Irrespective of which of the aforesaid magnesium-containing compounds is used to form the magnesium-containing species, solid particles are precipitated from the aforesaid solution of the magnesium-containing species by treatment with a transition metal or Group IV halide and preferably additionally with a morphology controlling agent. The transition metal or Group IV halide preferably is a titanium (IV) or silicon halide and more preferably is titanium tetrachloride. While any convenient conventional morphology controlling agent can be employed, organosilanes are particularly suitable for use as the morphology controlling agent. Suitable organosilanes for this purpose include those having a formula: Rn SiR'4-n, wherein n=0 to 4 and wherein R is hydrogen or an alkyl, alkoxy, haloalkyl or aryl radical containing one to about ten carbon atoms, or a halosilyl radical or haloalkylsilyl radical containing one to about eight carbon atoms, and R' is OR or a halogen. Typically, R is an alkyl or chloroalkyl radical containing one to about eight carbon atoms and one to about four chlorine atoms, and R' is chlorine or an -OR radical containing one to four carbon atoms. A suitable organosilane may contain different R' groups. Mixtures of organosilanes may be used. Preferable organosilanes include tri-methylchlorosilane, trimethylethoxysilane, dimethyidichlorosilane, tetraethoxy-silane, and hexamethyldisiloxane.

Broadly, in accordance with this invention, the precipitated particles are treated with a transition metal compound and an electron donor. Suitable transition metal compounds which can be used for this purpose include compounds represented by the formula Ta Yb Xc-b wherein Ta is a transition metal selected from Groups IV-B, V-B and VI-B of the Periodic Table of Elements, Y is oxygen, OR' or NR'2 ; wherein each R' is independently hydrogen or hydrocarbyl group of 1 to 20 carbon atoms; X is halogen, preferably chlorine or bromine; c has a value corresponding to the valence of the transition metal, Ta ; b has a value of from 0 to 5 with a value of c-b being from at least 1 up to the value of the valence state of the transition metal Ta. Suitable transition metal compounds include halide compounds of titanium, zirconium, vanadium and chromium, such as chromyl chloride, vanadium oxytrichloride, zirconium tetrachloride, vanadium tetrachloride, and the like.

In addition to supported catalyst components formed from magnesium alcoholates or magnesium hydrocarbyl carbonates as described above, other magnesium-containing supported components may be produced by reacting titanium halide-containing compounds with magnesium halides, such as magnesium chloride, magnesium oxyhalides, magnesium alkoxides, and the like. In preparation of suitable supported catalysts useful for olefin polymerization, an electron donor material is added during formation of such component in which a magnesium compound is reacted with a titanium halide-containing compound as described in the art. Irrespective of the method of formation, the supported catalyst components of this invention include the internal electron donor material described in this invention.

Titanium (IV) compounds useful in preparation of the catalyst or catalyst component of this invention are titanium halides and haloalcoholates having 1 to about 20 carbon atoms per alcoholate group such as methoxy, ethoxy, butoxy, hexoxy, phenoxy, decoxy, naphthoxy, dodecoxy and eicosoxy. Mixtures of titanium compounds can be employed if desired. Preferred titanium compounds are the halides and haloalcoholates having 1 to 8 carbon atoms per alcoholate group. Examples of such compounds include TiCl4, TiBr4, Ti(OCH3)Cl3, Ti(OC2 H5)Cl3, Ti(OC4 H9)Cl3, Ti(OC6 H5)Cl3, Ti(OC6 H13)Br3, Ti(OC8 H17)Cl3, Ti(OCH3)2 Br2, Ti(OC2 H5)2 Cl2, Ti(OC6 H13)2 Cl2, Ti(OC8 H17)Br2, Ti(OCH3)3 Br, Ti(OC2 H5)3 Cl, Ti(OC4 H9)3 Cl, Ti(OC6 H13)3 Br, and Ti(OC8 H17)3 Cl. Titanium tetrahalides and particularly TiCl4 are most preferred from the standpoint of attaining maximum activity and stereospecificity.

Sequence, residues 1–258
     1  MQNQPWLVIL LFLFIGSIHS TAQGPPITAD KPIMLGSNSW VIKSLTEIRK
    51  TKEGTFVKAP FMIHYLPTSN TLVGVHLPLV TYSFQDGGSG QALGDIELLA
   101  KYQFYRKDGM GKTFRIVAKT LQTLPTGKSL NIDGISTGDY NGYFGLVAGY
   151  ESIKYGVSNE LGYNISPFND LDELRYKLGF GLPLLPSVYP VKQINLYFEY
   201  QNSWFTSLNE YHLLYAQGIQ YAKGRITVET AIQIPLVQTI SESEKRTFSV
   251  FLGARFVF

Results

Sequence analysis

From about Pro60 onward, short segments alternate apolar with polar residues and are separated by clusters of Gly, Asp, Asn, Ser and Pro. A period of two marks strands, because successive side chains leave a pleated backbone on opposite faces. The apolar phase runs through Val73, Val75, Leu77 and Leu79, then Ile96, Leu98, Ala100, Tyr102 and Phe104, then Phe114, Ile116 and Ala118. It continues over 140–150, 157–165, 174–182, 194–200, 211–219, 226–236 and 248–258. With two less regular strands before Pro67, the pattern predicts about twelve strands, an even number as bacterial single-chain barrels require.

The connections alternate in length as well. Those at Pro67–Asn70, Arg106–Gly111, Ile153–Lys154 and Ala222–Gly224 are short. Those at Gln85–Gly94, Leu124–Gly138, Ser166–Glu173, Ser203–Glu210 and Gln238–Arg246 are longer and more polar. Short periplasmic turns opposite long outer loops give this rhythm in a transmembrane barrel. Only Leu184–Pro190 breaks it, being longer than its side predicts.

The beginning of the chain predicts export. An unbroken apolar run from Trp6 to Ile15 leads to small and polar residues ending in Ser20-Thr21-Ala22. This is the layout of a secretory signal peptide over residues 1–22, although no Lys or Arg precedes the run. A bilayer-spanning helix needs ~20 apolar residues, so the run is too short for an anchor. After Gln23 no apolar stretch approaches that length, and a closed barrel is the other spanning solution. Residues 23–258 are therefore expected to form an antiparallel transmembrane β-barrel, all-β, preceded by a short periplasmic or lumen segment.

The particles formed as described above, the titanium halide component, and the electron donor components described in this invention are reacted at temperatures ranging from about -10° C. to about 170° C., generally over a period of several minutes to several hours, and are contacted in amounts such that the atomic ratio of titanium to magnesium components in the reaction mixture(calculated as magnesium in magnesium compound from which the magnesium-containing species is formed) is at least about 0.5:1. Preferably, this ratio ranges from about 0.5:1 to about 20:1. Greater amounts of titanium may be employed without adversely affecting catalyst component performance, but typically there is no need to exceed a titanium to magnesium ratio of about 20:1. More preferably, the titanium to magnesium ratio ranges from about 2:1 to about 15:1 to ensure that the catalyst components contain sufficient titanium to exhibit good activities without being wasteful of the titanium compound employed in preparation. The electron donor components are employed in a total amount ranging up from about 1.0 mole per gram atom of titanium in the titanium compound, and preferably from about 0.001 to about 0.6 mole per gram atom of titanium in the titanium compound. Best results are achieved when this ratio ranges from about 0.01 to about 0.3 mole per gram atom of titanium.